A study that was published in 2002 concluded that 68 - 87% of laboratory errors occur in the preanalytic and postanalytic stages of the testing process with the majority occurring in the preanalytic phase.*
Steps in the pre-analytic phase occur both inside and outside the laboratory, and are performed by both laboratory and non-laboratory personnel. While the following list is not exhaustive, some of the most common sources of error in the preanalytic phase include:
- Patient preparation
- Patient not told to be fasting; improper or no instruction to patient on proper collection of specimen such as clean catch urine.
- Patient injured during phlebotomy
- Development of hematoma resulting in no specimen obtained for testing.
- Requisition errors
- Patient information missing, illegible, or on wrong patient; wrong tests ordered.
- Patient identification
- Patient incorrectly identified.
- Labeling of specimen
- Specimen not labeled or incorrectly labeled.
- Preparation of specimen
- Specimen centrifuged too long or not long enough; specimen placed in improper preservative.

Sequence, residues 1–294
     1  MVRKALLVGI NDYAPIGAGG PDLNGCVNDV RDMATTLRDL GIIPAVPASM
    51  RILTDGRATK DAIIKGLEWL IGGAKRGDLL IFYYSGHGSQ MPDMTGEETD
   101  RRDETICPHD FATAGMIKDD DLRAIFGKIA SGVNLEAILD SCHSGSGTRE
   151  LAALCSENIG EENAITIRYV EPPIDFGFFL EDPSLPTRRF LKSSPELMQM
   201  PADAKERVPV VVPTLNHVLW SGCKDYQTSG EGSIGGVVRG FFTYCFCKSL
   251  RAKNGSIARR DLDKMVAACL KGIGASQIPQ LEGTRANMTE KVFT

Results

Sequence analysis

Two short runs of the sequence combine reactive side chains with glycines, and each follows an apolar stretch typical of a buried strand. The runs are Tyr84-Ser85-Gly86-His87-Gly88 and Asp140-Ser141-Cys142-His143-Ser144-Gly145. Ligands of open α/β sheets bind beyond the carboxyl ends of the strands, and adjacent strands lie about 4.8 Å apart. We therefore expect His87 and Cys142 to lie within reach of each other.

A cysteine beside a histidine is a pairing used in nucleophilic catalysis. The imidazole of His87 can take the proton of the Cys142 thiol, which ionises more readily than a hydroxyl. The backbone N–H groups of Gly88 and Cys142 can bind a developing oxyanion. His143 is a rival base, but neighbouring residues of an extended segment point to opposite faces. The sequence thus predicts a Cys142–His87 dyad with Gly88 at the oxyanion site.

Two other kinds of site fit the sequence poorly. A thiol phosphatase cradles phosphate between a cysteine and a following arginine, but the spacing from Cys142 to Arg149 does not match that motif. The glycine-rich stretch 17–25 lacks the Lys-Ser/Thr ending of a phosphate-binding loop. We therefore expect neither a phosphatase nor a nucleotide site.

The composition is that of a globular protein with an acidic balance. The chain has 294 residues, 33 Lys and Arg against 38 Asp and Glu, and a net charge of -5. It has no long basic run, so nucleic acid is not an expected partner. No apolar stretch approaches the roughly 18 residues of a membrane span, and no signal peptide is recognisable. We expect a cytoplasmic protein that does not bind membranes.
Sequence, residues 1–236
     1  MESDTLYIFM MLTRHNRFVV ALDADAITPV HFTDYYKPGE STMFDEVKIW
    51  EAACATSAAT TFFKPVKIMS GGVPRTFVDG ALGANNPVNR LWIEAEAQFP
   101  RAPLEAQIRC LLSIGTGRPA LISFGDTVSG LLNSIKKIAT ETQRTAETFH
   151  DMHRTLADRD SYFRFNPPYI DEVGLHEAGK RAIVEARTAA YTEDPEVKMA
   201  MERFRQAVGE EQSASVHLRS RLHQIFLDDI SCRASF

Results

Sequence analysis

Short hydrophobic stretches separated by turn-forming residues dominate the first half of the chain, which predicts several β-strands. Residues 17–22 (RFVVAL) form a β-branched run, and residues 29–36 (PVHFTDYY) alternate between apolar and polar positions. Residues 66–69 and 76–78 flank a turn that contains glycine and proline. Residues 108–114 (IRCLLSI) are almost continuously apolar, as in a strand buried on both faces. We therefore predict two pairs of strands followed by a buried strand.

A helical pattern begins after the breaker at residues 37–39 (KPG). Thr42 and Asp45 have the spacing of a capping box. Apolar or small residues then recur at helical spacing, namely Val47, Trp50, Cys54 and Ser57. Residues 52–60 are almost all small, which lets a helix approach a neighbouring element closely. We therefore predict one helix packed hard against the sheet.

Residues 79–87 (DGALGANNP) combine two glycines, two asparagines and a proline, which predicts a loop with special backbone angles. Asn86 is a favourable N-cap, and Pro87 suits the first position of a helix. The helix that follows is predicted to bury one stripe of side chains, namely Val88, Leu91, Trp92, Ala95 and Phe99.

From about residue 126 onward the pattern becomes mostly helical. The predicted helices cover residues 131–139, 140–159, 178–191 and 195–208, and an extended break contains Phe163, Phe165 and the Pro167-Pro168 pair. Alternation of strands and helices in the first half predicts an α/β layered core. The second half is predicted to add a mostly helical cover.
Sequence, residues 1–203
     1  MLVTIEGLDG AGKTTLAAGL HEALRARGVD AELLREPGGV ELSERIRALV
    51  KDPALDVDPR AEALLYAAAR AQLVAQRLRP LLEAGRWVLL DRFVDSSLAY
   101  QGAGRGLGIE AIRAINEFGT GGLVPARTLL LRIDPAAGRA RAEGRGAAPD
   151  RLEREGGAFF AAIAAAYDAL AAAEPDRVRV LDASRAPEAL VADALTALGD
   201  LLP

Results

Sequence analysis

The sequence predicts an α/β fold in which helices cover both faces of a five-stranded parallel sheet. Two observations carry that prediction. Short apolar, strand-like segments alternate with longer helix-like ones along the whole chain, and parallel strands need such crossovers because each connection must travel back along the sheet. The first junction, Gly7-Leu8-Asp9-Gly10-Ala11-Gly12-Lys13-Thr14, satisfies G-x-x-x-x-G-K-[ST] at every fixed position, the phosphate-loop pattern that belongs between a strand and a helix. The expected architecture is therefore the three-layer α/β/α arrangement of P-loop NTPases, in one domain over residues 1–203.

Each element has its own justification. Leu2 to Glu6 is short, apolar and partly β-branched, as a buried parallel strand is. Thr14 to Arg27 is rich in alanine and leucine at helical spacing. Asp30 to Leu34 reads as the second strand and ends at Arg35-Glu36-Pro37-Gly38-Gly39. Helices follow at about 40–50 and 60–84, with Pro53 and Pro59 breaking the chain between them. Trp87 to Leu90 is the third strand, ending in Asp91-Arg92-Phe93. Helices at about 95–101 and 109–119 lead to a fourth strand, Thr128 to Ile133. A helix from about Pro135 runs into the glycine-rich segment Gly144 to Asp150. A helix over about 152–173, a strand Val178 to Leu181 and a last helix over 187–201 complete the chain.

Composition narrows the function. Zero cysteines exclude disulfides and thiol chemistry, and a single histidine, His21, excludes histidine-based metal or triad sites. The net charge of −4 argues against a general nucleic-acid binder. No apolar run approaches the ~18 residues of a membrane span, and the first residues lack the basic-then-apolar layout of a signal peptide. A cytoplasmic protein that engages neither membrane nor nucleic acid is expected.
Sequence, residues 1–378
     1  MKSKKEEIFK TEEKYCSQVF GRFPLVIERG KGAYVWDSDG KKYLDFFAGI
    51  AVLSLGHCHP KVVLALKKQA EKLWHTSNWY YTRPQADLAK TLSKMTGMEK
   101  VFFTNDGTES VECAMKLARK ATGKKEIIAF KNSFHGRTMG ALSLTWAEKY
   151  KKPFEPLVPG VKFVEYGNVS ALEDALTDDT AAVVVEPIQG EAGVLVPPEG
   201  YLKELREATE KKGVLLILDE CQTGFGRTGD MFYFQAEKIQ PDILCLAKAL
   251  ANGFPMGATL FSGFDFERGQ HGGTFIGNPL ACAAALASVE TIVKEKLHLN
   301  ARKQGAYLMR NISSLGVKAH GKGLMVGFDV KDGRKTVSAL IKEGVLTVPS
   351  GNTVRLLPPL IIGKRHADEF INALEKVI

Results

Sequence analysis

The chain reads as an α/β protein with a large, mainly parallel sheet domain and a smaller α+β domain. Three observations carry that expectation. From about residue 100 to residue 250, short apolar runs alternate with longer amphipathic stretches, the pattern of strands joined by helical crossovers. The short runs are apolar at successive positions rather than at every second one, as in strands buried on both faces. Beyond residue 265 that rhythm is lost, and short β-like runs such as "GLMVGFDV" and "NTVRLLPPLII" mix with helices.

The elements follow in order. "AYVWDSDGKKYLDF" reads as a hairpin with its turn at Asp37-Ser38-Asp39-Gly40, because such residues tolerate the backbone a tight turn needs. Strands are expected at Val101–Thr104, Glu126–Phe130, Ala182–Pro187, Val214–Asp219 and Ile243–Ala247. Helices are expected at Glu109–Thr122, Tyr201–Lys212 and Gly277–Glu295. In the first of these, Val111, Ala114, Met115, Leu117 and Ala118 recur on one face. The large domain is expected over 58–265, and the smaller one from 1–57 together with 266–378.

- Storage of specimen
- Specimen not refrigerated or frozen as required or refrigerated when it should be at ambient temperature.
- Shipment of specimen
- Shipped at ambient temperature when it should have been shipped frozen; delay in shipment.
- Accessioning process including preparation for analysis
- Sorted into wrong batch; incorrect labeling.
- Order entry
- Incorrect data entered during manual entry of a test requisition.
- Specimen sub-optimal
- Not enough specimen for testing; visible hemolysis.
- Inadequate cleansing of venipuncture site resulting in contamination during blood culture collection.
*Reference: Bonini P, Plebani M, Ceriotti F, Rubboli F. Errors in laboratory medicine. Clin Chem. 2002;48:691-698. Available at http://www.clinchem.org/cgi/content/full/48/5/691#T2B
Accessed June 23, 2010.